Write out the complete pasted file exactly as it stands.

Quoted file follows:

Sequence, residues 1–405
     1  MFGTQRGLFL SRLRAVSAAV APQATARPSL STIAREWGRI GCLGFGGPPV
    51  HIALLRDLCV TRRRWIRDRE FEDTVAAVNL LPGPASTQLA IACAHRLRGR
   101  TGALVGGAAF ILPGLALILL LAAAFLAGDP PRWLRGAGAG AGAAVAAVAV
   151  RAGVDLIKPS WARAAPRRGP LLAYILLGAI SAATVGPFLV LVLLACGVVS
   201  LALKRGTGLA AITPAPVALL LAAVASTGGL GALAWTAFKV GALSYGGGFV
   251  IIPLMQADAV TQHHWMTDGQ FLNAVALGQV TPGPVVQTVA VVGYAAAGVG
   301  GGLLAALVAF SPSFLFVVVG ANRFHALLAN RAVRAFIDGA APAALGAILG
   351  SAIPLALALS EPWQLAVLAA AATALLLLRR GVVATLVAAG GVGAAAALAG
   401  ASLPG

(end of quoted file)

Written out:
Sequence, residues 1–405
     1  MFGTQRGLFL SRLRAVSAAV APQATARPSL STIAREWGRI GCLGFGGPPV
    51  HIALLRDLCV TRRRWIRDRE FEDTVAAVNL LPGPASTQLA IACAHRLRGR
   101  TGALVGGAAF ILPGLALILL LAAAFLAGDP PRWLRGAGAG AGAAVAAVAV
   151  RAGVDLIKPS WARAAPRRGP LLAYILLGAI SAATVGPFLV LVLLACGVVS
   201  LALKRGTGLA AITPAPVALL LAAVASTGGL GALAWTAFKV GALSYGGGFV
   251  IIPLMQADAV TQHHWMTDGQ FLNAVALGQV TPGPVVQTVA VVGYAAAGVG
   301  GGLLAALVAF SPSFLFVVVG ANRFHALLAN RAVRAFIDGA APAALGAILG
   351  SAIPLALALS EPWQLAVLAA AATALLLLRR GVVATLVAAG GVGAAAALAG
   401  ASLPG